Surpassing Ritual

by Jeral Williams

Our Lord’s Prayer,
few words, easy to say,
but to truly, truly pray,
like crossing a mountain river deep
surrounded by cliffs, vast and steep
with mossy rocks, flowing water,
whirlpools and the occasional eddy.

I
Our Father who art in heaven, hallowed be thy name

To divine the divine I fearfully dive,
plunge beneath Adam’s ale.
As ethereal wisps dance to a fraught roar,
I descend, engulfed by strength, by love.
I ascend in blind sense of above.
I bubble clear with open eyes,
mouth words of human meaning—
holy, divine, sacred, pure.
All earthly words fall short,
nothing purely hallowed.
Sensing awe,
  I swim on

II
Thy kingdom come, Thy will be done, on earth as it is in heaven.

Amid capitalism and democracy how can a Kingdom be?
What would that make me: a bondsman, a subject, a serf?
Thy will, always opaque to me,
I only hope to clearly see
through your looking glass brightly.
Mysteries of heaven I try to unearth.
Seeking rebirth,
  I swim on

III
Give us this day our daily bread,

Daily, only daily? Shouldn’t I hoard?
Daily requires trust, so trust I must.
Bread is a need; what about my wants?
Our bread means not my bread alone.
Overcoming my selfish ways,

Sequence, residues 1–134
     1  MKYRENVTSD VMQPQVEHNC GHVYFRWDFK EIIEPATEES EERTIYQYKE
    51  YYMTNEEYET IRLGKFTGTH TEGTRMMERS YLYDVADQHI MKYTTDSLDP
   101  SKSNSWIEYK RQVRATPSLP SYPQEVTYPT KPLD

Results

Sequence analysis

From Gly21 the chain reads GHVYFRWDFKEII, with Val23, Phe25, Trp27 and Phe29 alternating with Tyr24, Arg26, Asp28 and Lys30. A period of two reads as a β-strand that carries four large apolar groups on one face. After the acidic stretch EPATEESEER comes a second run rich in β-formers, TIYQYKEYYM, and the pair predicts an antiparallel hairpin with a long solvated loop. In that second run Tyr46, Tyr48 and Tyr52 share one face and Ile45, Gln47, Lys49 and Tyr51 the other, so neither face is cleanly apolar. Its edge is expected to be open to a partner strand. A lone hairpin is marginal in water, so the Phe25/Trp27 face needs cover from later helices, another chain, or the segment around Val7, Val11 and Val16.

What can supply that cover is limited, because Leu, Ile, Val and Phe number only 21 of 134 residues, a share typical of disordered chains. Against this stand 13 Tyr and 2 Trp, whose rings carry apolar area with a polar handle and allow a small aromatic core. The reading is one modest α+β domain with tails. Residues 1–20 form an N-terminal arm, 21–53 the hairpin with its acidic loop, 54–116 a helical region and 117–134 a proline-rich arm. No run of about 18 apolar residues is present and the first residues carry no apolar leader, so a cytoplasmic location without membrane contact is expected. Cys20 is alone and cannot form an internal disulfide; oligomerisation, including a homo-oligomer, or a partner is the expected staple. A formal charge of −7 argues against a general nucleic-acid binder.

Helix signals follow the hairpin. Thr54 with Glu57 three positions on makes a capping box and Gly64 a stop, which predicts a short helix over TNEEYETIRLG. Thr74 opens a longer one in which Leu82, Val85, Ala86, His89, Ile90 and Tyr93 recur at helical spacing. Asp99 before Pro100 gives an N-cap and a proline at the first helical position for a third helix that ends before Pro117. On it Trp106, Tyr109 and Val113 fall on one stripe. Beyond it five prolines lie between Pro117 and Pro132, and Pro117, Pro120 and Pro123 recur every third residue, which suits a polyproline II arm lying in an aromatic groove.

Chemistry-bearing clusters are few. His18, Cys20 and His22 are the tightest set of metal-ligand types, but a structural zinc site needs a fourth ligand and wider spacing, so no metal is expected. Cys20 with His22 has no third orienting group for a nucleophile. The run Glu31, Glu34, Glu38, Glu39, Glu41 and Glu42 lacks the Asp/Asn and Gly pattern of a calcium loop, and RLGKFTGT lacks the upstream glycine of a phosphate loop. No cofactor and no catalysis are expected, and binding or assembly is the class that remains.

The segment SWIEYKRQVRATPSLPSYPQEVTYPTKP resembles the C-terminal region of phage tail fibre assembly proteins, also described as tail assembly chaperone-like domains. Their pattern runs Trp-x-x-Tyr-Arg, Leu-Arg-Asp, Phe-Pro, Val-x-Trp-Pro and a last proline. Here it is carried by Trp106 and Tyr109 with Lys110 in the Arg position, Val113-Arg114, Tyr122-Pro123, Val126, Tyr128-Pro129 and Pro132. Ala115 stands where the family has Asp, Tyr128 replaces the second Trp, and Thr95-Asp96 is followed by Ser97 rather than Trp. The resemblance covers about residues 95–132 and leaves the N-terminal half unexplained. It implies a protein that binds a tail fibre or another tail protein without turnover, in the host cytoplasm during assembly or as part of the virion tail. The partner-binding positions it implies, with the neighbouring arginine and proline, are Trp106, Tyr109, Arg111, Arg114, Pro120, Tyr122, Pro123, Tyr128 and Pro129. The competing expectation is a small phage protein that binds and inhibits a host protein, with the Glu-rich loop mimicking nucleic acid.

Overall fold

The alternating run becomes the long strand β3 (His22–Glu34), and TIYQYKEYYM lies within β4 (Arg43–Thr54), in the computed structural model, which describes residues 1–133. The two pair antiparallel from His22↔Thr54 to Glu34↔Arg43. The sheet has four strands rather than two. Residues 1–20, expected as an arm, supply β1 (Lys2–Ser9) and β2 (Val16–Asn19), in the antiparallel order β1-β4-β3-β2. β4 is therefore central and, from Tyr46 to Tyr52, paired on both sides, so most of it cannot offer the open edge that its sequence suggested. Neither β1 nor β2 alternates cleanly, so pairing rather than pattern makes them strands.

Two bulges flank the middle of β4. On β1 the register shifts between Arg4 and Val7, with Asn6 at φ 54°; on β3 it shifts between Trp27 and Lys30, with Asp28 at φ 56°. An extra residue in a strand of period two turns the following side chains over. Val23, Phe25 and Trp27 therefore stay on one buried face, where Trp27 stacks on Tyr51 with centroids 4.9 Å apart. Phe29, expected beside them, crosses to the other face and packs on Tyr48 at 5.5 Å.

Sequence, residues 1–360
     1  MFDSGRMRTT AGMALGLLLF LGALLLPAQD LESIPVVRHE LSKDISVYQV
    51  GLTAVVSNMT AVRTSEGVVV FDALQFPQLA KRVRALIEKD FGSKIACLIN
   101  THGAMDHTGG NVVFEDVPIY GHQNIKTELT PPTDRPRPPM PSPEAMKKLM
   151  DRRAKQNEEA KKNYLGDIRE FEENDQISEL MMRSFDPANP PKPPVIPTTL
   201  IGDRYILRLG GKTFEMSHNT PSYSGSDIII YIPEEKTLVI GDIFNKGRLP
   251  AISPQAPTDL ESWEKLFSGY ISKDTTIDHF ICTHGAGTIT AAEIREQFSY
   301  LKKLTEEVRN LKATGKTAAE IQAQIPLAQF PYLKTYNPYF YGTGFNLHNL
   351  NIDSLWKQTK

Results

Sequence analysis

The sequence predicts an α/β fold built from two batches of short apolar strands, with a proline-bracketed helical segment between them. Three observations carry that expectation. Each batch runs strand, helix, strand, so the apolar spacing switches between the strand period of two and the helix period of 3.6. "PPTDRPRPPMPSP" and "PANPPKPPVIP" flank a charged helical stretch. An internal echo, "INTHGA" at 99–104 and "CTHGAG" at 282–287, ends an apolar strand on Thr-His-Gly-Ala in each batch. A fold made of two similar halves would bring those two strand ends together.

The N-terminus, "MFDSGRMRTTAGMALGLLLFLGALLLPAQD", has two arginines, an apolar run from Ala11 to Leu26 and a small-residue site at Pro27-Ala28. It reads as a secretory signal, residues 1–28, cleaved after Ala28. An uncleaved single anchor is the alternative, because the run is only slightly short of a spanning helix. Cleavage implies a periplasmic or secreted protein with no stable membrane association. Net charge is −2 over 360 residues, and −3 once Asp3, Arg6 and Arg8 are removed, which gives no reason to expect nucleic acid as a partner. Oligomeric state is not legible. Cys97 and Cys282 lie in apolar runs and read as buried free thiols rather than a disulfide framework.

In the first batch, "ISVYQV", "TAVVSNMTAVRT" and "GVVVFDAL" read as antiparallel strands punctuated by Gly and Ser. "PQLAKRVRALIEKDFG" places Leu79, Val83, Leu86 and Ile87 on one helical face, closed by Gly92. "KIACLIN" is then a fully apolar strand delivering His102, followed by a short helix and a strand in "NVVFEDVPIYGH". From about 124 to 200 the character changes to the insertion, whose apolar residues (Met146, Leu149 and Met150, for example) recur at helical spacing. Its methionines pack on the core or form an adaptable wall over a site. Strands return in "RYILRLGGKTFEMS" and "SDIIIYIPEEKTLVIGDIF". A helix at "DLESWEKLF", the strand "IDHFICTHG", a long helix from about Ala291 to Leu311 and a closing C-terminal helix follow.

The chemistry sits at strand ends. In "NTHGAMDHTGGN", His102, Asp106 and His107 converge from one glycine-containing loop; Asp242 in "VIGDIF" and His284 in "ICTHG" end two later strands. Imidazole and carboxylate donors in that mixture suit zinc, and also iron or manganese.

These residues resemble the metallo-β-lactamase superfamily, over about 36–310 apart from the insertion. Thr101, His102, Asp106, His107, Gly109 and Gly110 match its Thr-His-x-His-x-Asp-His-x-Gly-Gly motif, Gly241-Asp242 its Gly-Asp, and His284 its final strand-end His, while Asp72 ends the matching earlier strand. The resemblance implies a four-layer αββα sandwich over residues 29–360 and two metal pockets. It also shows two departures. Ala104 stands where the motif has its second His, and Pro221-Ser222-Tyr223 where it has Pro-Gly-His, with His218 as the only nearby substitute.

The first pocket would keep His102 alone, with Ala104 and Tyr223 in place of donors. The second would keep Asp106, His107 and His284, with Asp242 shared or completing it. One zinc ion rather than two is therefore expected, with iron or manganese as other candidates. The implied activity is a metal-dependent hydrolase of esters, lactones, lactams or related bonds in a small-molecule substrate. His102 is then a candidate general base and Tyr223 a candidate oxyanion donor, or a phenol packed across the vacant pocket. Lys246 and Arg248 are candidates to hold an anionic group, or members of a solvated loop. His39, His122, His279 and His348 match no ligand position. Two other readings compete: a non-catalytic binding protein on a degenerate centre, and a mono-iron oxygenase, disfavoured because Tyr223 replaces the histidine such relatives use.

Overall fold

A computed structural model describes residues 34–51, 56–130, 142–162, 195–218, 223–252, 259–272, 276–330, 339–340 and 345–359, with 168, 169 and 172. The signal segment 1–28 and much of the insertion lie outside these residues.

with thanksgiving for my days
I swim on.

IV
and forgive us our sins

The rocks begin to address my sin,
scrape against gluttony, sloth, wrath,
bump into lust, envy, greed,
smash into pride.
Big rocks are clear, insidious hide down
where the trout abound.
In the crevices, under the moss,
guileful rocks I toss.
Takes more work to exorcise sins that lurk.
Thoroughly I confess, accept forgiveness.
At last, blood and water slow to a gentle easy flow.
I pause, take a long, deep breath
and swim on.

V
as we forgive those who sin against us.

Slowly, I begin to swirl
as I enter the whirl of the pool of distress.
Dare I forgive Adolf, Osama and other foes,
the snobs and cliques, the cheats that caused me woe.
How can I be free of those who mistreated me?
The tighter I cling to my enemies,
the faster and lower I go.
Until in anguish at last, I freely release my past
and I’m flung far, near to the far shore.

VI
Lead us not into temptation, but deliver us from evil.

Whirlpools lie still, rapids rush no more,
refreshed and free, I wade ashore. 
Steep cliffs are gone,
I see neither sign nor clear trail.
Needing a guide, I call mine.
Gladly He comes; we journey on.

Jeral Williams is a poet living in Mobile, Alabama. He is a retired professor whose Christian journey has been long and winding. He has published “Being a Proverbial Student,” a reflection on the need for Christian students to pursue knowledge, understanding and wisdom.

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